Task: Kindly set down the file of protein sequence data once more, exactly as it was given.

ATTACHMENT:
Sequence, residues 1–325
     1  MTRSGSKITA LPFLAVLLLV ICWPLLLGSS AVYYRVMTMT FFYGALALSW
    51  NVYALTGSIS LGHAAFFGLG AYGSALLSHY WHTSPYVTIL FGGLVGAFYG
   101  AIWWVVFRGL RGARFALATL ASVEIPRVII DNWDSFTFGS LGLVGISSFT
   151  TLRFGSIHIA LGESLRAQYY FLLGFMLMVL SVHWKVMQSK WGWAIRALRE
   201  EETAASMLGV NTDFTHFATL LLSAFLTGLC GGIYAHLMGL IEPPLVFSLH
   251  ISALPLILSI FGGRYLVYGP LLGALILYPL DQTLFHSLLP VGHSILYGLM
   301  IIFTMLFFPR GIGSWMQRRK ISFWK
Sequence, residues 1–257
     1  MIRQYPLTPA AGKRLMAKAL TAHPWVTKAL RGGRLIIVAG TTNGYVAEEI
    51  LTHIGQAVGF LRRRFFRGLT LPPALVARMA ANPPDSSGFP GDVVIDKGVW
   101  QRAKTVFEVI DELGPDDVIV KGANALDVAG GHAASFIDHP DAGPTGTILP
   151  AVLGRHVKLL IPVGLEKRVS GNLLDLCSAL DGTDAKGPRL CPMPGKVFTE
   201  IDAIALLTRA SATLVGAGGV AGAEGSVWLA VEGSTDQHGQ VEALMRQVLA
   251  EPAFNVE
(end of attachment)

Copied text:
Sequence, residues 1–325
     1  MTRSGSKITA LPFLAVLLLV ICWPLLLGSS AVYYRVMTMT FFYGALALSW
    51  NVYALTGSIS LGHAAFFGLG AYGSALLSHY WHTSPYVTIL FGGLVGAFYG
   101  AIWWVVFRGL RGARFALATL ASVEIPRVII DNWDSFTFGS LGLVGISSFT
   151  TLRFGSIHIA LGESLRAQYY FLLGFMLMVL SVHWKVMQSK WGWAIRALRE
   201  EETAASMLGV NTDFTHFATL LLSAFLTGLC GGIYAHLMGL IEPPLVFSLH
   251  ISALPLILSI FGGRYLVYGP LLGALILYPL DQTLFHSLLP VGHSILYGLM
   301  IIFTMLFFPR GIGSWMQRRK ISFWK
Sequence, residues 1–257
     1  MIRQYPLTPA AGKRLMAKAL TAHPWVTKAL RGGRLIIVAG TTNGYVAEEI
    51  LTHIGQAVGF LRRRFFRGLT LPPALVARMA ANPPDSSGFP GDVVIDKGVW
   101  QRAKTVFEVI DELGPDDVIV KGANALDVAG GHAASFIDHP DAGPTGTILP
   151  AVLGRHVKLL IPVGLEKRVS GNLLDLCSAL DGTDAKGPRL CPMPGKVFTE
   201  IDAIALLTRA SATLVGAGGV AGAEGSVWLA VEGSTDQHGQ VEALMRQVLA
   251  EPAFNVE